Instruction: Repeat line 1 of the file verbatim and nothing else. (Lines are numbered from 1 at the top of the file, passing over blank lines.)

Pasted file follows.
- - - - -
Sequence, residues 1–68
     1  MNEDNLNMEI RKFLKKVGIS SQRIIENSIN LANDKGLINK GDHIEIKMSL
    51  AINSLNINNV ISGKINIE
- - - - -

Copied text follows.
Sequence, residues 1–68